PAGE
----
General
I
April 14, 2022

Finfluencer Crackdown

Australia sues Facebook, and a new Financial Advertising Code

Over the last month, regulatory bodies in Australia and New Zealand have taken aim at misleading (or sometimes downright dodgy) financial advertising.

ASIC warnings

The Australia Securities and Investments Commission (ASIC) has become increasingly concerned about social media influencers who are reportedly earning up to six-figure salaries from deals promoting financial services on social media platforms. Under Australian law, only licensed individuals are permitted to provide financial advice.

ASIC has warned these influencers – known as “finfluencers” - that they could face imprisonment and fines of $1 million if they do not obtain a financial services licence or stop promoting securities and investments online.

ACCC Proceedings

But what if these finfluencers’ personas are being used without their permission? In a world first, consumer watchdog the Australian Competition and Consumer Commission (ACCC) has commenced proceedings against Facebook owner Meta for serving up to Facebook users scam cryptocurrency advertisements featuring the images of prominent personalities (including business leaders and politicians), without the permission of the personalities involved.

The ACCC alleges that:

  • While Facebook had no involvement in creating these ads itself, by the act of publishing them (after going through an approval process) and failing to remove them (after complaints raised by the personalities themselves) Facebook breached both consumer law and the ASIC Act; and
  • Facebook is making matters worse by using algorithms specifically designed to target users who are most likely to be taken in by scams.  

If this case is successful, it could set a precedent for the liability of digital platforms, which generate significant revenue from running third party advertisements.

Financial Advertising Code

Meanwhile, in New Zealand, a new Financial Advertising Code (Code) took effect last month for new ads (effective 1 March 2022) having updated the former (out of date) Code. It applies to all financial ads from 1 June 2022.

A lot of financial advertising is already highly regulated. However, the Code covers issues relating to social responsibility (such as decency and offensiveness) and safety, which are not addressed by other regulatory bodies. And while other relevant legislation can be used by the Financial Markets Authority (FMA) or the Commerce Commission to take action against wrongdoers, consumers can use the Code to complain about individual advertisements directly to the Advertising Standards Authority (ASA), which can then deal with those complaints within a much shorter timeframe.

Four key issues emerged from the updating of the Code:

  1. The need to protect non-experts who have very limited knowledge about financial products and services, or who may be financially vulnerable – the Code requires that advertising content should not only be “truthful, balanced” and “not misleading” but also “easily understood”. Written text must be large, clear and present long enough to be easily read.  And spoken language must be clear and at a speed able to be understood by consumers.  No more “auctioneer-speed” terms and conditions!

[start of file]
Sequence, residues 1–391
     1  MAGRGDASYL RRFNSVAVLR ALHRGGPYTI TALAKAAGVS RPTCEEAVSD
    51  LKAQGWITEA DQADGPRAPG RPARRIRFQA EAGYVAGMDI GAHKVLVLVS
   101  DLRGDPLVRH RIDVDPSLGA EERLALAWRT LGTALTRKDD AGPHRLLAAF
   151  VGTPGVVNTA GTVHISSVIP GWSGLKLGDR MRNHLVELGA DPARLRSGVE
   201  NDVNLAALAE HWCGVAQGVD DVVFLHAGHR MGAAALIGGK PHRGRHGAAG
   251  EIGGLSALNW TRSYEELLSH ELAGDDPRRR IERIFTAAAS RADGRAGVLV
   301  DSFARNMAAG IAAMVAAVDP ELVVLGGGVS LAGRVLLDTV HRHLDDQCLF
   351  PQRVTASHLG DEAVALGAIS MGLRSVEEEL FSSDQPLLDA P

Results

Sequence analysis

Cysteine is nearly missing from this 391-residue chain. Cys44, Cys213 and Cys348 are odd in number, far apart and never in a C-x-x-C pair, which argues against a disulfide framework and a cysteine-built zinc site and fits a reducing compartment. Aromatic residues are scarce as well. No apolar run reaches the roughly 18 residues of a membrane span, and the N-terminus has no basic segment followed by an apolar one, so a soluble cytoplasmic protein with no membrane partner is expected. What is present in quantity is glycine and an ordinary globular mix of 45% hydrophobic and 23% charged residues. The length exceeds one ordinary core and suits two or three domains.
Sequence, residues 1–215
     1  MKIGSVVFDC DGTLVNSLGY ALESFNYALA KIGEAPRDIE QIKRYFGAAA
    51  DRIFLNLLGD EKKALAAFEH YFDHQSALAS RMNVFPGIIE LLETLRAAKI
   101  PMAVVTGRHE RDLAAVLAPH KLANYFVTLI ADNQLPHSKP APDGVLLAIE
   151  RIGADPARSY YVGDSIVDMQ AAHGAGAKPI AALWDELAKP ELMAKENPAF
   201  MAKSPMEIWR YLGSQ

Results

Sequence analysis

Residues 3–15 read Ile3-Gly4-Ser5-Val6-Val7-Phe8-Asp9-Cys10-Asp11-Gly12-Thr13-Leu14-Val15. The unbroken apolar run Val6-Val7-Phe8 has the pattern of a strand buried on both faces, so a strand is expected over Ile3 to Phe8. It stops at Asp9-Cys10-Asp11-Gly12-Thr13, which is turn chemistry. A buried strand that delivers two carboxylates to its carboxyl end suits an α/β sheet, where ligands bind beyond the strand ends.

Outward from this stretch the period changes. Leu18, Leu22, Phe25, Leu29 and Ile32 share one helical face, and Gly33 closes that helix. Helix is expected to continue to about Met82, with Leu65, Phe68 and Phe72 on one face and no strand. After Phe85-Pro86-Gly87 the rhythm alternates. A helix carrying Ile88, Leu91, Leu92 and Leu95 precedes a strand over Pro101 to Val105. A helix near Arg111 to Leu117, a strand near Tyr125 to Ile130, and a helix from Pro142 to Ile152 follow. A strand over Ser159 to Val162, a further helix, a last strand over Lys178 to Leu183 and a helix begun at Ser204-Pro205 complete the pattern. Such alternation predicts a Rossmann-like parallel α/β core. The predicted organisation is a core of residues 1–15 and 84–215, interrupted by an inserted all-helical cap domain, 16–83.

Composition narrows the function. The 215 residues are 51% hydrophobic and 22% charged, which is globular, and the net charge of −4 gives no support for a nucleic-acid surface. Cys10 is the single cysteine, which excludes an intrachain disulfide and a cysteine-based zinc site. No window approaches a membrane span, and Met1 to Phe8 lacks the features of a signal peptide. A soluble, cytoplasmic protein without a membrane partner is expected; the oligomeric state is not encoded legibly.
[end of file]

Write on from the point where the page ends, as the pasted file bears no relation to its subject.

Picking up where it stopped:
2. How to define financial products and services – As the Code is intended primarily for consumers, it includes a very long (non-exhaustive) definition that provides a list of examples, including insurance products, BNPL (Buy Now Pay Later) products, share trading platforms, cryptocurrencies and binary options.  
  3. What to do about short-form advertisements – The Code applies to all advertising of financial products and services placed in any media, and therefore includes digital short-form advertisements, such as digital banner advertisements and some social media advertisements, where there may be a lack of space to include the information required by law.  Each advertisement needs to comply with the Code, under which “all relevant and required information must be disclosed”.  
  4. Consistency with the FMA guidance note “Advertising offers of financial products under the Financial Markets Conduct Act” – The Code was updated to ensure there were no inconsistencies between it and the relevant 2021 FMA guidance note.

It is clear that digital financial advertising and finfluencers are squarely in the sights of the ASA. The definition of advertising is very broad and specifically includes social media (including user-generated content), influencers, videos, apps and advergaming. There is an obvious link here to the continuing march of the crypto sector towards mainstream acceptance, as the sector is closely associated with these forms of advertising.

Most submissions on the draft Code questioned the inclusion of user-generated content and, specifically, the extent to which advertisers can be responsible for that content where it may be difficult for the advertiser to moderate or remove it.

The ASA was apparently unmoved, however, because the new Code specifies that:

Advertisers and their agents, including influencers or other content creators, have primary responsibility for ensuring user-generated comments, reviews, testimonials and endorsements comply with the Principles and Rules in this Code when they are part of the advertisement.

The question will likely be: when does user-generated content form "part of the advertisement"?

The Code principles can be found below.

This article has been co-authored by Caitlin Hadlee and Kyra Vince.

Social media image credit: Pawel Czerwinski

No items found.

Article Link

Financial Advertising Code

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Insights

General
April 14, 2022